Ahwatukee residents, Dianna and John Sanders, both laced up their running sneakers and participated in the second One Run for Boston Thursday evening in Tempe.
One Run for Boston began in Santa Monica at 1 p.m. on March 16, and is scheduled to come to an end in Boston at 6 p.m. on Sunday, April 13.
The non-stop marathon is a 3,328-mile relay, and is formulated to support the survivors of the Boston Marathon bombing.
Last year’s One Run for Boston generated more than $91,000 for the One Fund, assisting survivors and families impacted by the bombing, and this year’s goal sits at $1 million and is expected to draw more than 2,000 runners.
The marathon travels through different states from coast to coast such as California, Arizona, New Mexico, Texas, Oklahoma, Missouri, Illinois, Indiana, Ohio, Pennsylvania, New Jersey, New York Connecticut and Massachusetts.
Last year, Dianna and John participated in the inaugural One Run for Boston when they were in California, running in the fifth stage.
They initially were competing in a different event and heard about the One Run for Boston and made the decision to participate.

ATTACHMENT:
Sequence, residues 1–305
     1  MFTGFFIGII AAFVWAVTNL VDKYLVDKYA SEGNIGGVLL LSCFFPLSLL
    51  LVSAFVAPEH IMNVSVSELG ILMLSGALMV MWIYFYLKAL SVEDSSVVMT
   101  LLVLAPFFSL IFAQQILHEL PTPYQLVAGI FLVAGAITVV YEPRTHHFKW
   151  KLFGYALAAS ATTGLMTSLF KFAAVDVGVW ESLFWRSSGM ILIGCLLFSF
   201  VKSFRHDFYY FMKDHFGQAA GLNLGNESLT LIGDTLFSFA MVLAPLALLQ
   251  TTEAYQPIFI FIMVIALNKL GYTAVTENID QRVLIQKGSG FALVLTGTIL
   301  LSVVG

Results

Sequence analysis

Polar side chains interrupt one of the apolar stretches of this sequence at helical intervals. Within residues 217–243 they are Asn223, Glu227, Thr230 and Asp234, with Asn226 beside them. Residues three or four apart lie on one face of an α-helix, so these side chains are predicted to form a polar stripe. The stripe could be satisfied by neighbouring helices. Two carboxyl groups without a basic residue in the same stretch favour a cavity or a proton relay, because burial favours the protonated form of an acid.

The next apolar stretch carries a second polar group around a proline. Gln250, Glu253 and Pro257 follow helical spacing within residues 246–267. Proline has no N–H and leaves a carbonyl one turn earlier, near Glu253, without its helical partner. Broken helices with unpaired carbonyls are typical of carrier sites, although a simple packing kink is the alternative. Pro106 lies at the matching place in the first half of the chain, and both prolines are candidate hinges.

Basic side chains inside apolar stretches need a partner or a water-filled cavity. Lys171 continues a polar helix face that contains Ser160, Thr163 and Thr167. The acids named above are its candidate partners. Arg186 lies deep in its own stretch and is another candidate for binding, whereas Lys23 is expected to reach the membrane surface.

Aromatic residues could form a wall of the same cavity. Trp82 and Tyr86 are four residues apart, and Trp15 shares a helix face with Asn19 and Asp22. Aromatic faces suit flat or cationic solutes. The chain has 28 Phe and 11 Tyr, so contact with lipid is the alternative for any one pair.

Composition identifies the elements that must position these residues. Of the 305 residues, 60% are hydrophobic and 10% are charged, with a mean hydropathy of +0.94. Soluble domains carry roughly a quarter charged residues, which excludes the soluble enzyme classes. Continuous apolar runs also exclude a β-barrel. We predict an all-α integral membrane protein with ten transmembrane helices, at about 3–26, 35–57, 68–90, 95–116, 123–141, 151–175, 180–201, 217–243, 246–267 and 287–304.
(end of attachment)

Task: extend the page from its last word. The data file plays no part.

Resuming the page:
“We were honored to do so because the bombings had happened a month before, so we did that then, and this year when it was available we signed up as soon as we could for the Tempe stage,” Dianna said.
Dianna and John ran in the 53rd stage in Tempe, which was a 10-mile run circling Papago Park and crossing the Western Canal Trail.
“The stage before us is a really big group stage, and the event’s founders are actually running that stage with about 50 people or more,” Dianna said.
Their training regiments consisted of weekend 10- to 15-mile trail runs around Ahwatukee, and currently training for other competition that will occur in Arizona.
“We mapped out the course; we ran it a couple times to know where to go and where the streets are,” John said.
Although Dianna and John compete in different running competitions throughout the year, One Run for Boston seemed to hold a special place in their hearts.
During their stage, the couple sported Boston Bruins hockey jerseys, in honor of 8-year-old Martin Richard who was killed during the Boston bombing.
“His story was moving of course, because I have a nephew close to that age,” Dianna said. “He was a big fan of the Bruins, and we just wanted to honor his message. One of the last photos that were taken of him before he died was a poster he made saying, ‘Peace.’ That moved us… and I know the funds that we are running for will be going to his family.”
John said by running in their stage, he and his wife were doing their part to keep Richard’s message alive and pass it around to other people.
For more information about One Run for Boston, visit www.onerunforboston.org.
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